Edmonton International Airport officials are guardedly optimistic about the expansion on Feb. 1 of the COVID-19 international border testing pilot program.
Currently the pilot is only available to eligible international travellers arriving at Calgary International Airport and the Coutts land border crossing.
Those participating in the program entering Canada will have to show proof of a negative test — taken within 72 hours before the flight — before being allowed to board the plane destined for the province.
Once they arrive in Alberta, they will be tested again and must quarantine for 48 hours. If the second test result comes back negative, they can leave quarantine as long as they remain in Alberta for the first 14 days and get a follow-up test a week later.
“We believe this is a great program,” EIA vice-president Steve Maybee said. “We have to put these in place so when travel does come back and people are encouraged to travel again, that we have the right programs in place to make it safe.”
Currently, both the federal and provincial governments are discouraging unnecessary travel. Maybee said EIA isn’t encouraging people not to follow the advisories.
“We’re not suggesting or encouraging travel right now,” he said. “We’re following along with what the government restrictions and mandates that are in place.”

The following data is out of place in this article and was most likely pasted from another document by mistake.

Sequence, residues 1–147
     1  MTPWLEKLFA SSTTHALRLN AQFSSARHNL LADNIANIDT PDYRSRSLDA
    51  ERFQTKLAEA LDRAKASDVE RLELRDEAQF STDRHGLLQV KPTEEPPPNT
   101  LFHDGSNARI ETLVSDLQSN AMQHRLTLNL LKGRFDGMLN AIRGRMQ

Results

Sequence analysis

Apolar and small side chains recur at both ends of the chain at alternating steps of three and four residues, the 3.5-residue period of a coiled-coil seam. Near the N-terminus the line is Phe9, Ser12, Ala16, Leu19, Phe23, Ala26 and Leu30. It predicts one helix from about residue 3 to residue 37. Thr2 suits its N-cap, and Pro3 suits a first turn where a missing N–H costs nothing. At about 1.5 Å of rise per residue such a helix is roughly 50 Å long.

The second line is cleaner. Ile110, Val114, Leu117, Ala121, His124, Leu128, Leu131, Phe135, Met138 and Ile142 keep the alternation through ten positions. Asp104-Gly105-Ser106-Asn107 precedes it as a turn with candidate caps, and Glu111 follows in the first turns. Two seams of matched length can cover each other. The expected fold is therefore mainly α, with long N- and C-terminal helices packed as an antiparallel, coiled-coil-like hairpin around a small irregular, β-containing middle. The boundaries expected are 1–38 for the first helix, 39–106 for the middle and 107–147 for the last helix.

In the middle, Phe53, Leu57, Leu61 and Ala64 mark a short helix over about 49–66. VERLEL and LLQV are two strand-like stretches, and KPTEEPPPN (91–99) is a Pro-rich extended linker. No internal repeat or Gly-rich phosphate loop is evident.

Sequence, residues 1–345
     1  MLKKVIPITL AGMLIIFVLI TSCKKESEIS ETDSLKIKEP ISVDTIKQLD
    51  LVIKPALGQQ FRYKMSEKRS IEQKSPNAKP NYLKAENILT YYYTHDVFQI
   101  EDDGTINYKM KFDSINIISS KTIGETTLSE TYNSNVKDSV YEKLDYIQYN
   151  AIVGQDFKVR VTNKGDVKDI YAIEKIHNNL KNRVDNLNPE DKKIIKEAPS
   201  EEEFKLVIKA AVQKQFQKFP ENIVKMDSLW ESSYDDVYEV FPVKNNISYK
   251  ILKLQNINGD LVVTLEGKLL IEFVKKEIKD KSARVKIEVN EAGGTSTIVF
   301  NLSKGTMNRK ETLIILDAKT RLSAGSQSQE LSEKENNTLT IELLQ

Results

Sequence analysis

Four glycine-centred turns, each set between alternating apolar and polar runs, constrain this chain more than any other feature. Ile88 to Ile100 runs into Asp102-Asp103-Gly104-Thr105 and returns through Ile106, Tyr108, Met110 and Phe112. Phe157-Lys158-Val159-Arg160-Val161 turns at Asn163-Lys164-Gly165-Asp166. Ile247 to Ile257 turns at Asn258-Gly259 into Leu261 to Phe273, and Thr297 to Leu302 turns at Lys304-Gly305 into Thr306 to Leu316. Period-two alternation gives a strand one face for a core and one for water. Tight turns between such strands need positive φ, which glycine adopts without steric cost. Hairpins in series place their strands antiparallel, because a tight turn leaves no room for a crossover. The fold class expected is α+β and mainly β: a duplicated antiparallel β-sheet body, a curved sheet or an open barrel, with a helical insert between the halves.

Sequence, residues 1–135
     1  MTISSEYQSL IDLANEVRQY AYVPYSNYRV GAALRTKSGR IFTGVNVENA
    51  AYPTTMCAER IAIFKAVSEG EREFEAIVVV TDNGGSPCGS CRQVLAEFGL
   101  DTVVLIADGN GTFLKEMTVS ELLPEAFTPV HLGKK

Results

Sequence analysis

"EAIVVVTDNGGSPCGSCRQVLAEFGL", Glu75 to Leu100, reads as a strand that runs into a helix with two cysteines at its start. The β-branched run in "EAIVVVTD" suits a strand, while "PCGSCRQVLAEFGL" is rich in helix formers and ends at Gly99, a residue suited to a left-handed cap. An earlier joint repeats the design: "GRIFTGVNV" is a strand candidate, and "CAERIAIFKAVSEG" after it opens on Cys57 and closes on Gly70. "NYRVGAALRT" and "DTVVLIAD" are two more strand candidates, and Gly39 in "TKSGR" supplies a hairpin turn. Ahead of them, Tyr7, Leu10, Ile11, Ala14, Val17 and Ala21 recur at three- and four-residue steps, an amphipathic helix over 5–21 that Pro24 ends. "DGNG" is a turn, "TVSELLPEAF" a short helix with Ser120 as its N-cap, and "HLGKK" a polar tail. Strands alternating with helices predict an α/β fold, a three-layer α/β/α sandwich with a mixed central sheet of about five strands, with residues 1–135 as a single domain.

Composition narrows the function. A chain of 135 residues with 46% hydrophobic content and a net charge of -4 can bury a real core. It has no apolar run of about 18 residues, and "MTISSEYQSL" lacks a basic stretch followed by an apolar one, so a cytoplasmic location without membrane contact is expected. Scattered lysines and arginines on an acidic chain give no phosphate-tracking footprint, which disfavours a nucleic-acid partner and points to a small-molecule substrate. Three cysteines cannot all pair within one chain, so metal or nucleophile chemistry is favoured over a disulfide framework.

Edmonton travel agent Lesley Paull thinks the expansion of the pilot program is a sign of better days ahead for local travellers.
“I think it’s just going to give people more encouragement to go,” Paull said. “We don’t have as many flights as Calgary has, so we’ll probably be starting a slower process, but hopefully with testing here, that will bring us more non-stop flights back.”
The testing is free of charge for eligible participants and the pilot will run until 52,000 people have been tested.
No international flights for 6 months of 2020 at EIA
Based on 2020 travel numbers, it may take awhile to get to that 52,000 mark.
EIA said 2.6 million people went through their airport last year, compared to 8.1 million the year before, for an overall drop of 67.7 per cent.
There were no international flights at all between April and September and flights to the United States were down 78.5 per cent. There was also a 70 per cent decrease in domestic flights coming in and going out of the Edmonton airport.
The travel agent summed up her business in one word.
“Brutal,” Paull said with a laugh.
But she hopes pent-up demand will lead to change.
“We’re doing so many bookings for 2022 now, and even the end of 2021,” Paull said. “I think that people are so anxious to get out of here. They’re really quite sick of the whole thing.”
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